Photo/IllutrationHonda cars, foreground, await export at Yokohama port, near Tokyo on July 8. (AP file photo)

Japan's exports fell 8 percent in August from a year earlier, as trade tensions took a growing toll on demand across the region.

Exports of machinery, vehicles and chemicals all declined, the Finance Ministry reported Wednesday.

Exports totaled 6.1 trillion yen ($56 billion), while imports slipped 12 percent, the fastest rate in almost three years, to 6.3 trillion yen, suggesting slack demand inside Japan.

Shipments to the United States slipped 4.4 percent in dollar terms, to 1.2 trillion yen while imports from the United States dropped 9 percent to 718.4 billion yen. The surplus with the United States rose nearly 4 percent, the report said.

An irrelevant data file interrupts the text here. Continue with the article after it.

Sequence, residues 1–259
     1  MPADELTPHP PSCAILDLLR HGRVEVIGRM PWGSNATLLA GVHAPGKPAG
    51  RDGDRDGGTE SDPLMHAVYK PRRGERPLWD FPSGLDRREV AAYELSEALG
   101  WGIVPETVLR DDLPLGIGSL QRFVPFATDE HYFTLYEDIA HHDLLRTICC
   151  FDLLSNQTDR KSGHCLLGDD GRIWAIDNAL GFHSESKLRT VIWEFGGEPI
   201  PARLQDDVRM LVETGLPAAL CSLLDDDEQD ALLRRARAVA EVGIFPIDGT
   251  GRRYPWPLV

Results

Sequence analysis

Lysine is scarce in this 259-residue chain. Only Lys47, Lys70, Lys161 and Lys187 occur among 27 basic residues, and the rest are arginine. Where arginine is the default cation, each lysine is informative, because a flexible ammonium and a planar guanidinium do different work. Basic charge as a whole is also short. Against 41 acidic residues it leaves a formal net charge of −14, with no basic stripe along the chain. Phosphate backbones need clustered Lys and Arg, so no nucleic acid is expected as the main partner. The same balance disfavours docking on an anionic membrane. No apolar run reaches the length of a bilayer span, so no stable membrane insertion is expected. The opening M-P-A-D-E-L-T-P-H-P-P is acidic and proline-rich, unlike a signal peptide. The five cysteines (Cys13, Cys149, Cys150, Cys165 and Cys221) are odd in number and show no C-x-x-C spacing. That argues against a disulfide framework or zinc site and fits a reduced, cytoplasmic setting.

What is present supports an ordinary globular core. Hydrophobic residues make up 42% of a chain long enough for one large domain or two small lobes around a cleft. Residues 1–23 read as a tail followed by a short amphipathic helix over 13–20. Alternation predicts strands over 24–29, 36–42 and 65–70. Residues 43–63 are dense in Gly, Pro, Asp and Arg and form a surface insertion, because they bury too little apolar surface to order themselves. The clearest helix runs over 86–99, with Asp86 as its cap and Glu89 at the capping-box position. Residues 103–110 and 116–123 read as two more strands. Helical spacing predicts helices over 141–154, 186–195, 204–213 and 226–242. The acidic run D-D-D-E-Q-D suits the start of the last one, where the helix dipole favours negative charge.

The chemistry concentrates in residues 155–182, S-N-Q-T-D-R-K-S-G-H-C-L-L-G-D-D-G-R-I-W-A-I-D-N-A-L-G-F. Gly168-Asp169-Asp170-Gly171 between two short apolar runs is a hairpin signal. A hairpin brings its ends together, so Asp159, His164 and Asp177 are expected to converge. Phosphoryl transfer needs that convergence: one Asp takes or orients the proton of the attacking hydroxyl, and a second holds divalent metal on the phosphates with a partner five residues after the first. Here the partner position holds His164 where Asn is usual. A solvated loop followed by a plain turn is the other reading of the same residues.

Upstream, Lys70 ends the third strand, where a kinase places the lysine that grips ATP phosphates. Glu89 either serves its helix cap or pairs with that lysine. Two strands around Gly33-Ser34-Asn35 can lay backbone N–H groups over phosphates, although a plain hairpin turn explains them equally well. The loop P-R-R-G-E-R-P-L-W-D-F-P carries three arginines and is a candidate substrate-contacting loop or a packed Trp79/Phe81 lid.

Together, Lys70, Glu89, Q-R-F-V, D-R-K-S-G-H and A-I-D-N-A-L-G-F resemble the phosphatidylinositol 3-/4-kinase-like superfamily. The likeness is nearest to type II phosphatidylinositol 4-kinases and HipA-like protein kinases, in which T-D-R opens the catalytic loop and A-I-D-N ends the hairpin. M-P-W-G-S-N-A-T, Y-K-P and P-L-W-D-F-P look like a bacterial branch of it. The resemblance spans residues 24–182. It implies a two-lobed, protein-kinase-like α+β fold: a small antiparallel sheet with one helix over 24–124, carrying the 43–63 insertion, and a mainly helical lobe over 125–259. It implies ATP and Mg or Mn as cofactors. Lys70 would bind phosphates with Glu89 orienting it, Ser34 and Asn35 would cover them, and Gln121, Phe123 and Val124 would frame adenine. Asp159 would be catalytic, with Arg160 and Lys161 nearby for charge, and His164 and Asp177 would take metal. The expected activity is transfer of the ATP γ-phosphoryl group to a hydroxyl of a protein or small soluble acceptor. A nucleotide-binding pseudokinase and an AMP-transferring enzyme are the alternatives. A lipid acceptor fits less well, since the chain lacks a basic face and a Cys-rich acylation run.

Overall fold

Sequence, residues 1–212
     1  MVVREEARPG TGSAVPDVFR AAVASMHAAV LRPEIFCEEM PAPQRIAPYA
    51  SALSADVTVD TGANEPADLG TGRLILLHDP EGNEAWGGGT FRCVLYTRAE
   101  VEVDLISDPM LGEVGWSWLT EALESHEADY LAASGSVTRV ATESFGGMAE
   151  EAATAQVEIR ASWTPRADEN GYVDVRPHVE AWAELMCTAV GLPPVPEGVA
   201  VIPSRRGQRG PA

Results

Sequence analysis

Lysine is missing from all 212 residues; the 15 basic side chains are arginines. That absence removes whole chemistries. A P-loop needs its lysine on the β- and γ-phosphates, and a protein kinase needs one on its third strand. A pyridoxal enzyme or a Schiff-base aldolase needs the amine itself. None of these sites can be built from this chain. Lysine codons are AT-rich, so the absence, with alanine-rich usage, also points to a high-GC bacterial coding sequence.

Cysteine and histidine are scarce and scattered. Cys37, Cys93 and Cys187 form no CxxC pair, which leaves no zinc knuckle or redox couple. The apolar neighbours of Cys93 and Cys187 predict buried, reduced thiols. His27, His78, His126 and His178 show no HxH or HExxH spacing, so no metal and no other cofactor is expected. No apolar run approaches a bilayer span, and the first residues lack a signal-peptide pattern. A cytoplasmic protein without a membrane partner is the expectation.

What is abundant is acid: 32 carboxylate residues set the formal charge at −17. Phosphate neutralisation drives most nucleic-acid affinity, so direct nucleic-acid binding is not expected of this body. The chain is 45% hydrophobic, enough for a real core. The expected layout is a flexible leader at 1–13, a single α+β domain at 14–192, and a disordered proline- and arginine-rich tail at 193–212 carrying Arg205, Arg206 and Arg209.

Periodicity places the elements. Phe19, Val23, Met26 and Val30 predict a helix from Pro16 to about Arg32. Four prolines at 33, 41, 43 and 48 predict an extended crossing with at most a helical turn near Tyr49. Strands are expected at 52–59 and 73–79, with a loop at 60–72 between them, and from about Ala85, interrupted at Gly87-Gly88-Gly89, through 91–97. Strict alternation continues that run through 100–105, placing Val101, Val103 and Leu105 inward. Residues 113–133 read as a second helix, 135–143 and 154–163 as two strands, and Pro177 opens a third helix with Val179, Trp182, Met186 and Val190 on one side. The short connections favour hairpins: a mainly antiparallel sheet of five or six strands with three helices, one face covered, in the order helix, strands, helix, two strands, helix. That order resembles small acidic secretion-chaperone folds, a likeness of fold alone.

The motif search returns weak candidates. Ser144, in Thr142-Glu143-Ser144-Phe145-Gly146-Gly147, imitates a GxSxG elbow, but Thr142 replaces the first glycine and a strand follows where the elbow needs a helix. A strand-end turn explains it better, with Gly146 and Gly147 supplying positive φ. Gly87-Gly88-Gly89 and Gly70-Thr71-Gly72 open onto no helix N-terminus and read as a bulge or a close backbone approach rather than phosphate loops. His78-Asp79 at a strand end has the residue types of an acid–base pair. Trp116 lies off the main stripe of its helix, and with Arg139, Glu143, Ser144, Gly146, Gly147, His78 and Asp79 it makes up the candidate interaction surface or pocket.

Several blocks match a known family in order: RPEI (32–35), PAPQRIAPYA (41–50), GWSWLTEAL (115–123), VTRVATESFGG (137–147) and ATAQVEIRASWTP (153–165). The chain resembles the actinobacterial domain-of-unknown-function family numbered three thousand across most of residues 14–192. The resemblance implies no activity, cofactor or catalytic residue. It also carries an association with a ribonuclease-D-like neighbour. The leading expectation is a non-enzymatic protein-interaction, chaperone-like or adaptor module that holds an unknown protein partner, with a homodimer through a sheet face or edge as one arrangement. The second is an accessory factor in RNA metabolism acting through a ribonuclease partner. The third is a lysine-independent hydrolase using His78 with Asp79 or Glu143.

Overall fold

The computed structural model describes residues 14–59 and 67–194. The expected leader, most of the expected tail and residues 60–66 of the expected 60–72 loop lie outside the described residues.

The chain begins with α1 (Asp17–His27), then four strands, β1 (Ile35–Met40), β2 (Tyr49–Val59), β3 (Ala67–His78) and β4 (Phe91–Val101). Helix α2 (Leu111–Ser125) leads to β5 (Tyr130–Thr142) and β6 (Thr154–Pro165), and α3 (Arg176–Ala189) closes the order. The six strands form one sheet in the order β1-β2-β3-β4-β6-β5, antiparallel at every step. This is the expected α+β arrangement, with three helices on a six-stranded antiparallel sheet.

Trade with China took a bigger hit, with exports sinking 12 percent and imports down more than 8 percent. Exports to most other Asian countries also fell.

The yen's growing strength against other currencies was a factor. But overall export volumes fell nearly 6 percent and import volumes also fell by 6 percent as trade tensions between the United States and China and between Japan and South Korea reverberated across supply chains.

Trade could rebound in coming months, Marcel Thieliant of Capital Economics said in a commentary.

"The big picture, though, is that exports are likely to remain weak over the coming year," he said.

A government survey of businesses released Wednesday showed sentiment at its worst since the aftermath of the March 2011 earthquake and tsunami which devastated a swathe of Japan's northeastern coast.

Looming over the outlook is a sales tax hike due to take effect in October that is likely to hit big purchases hardest, Capital Economics said.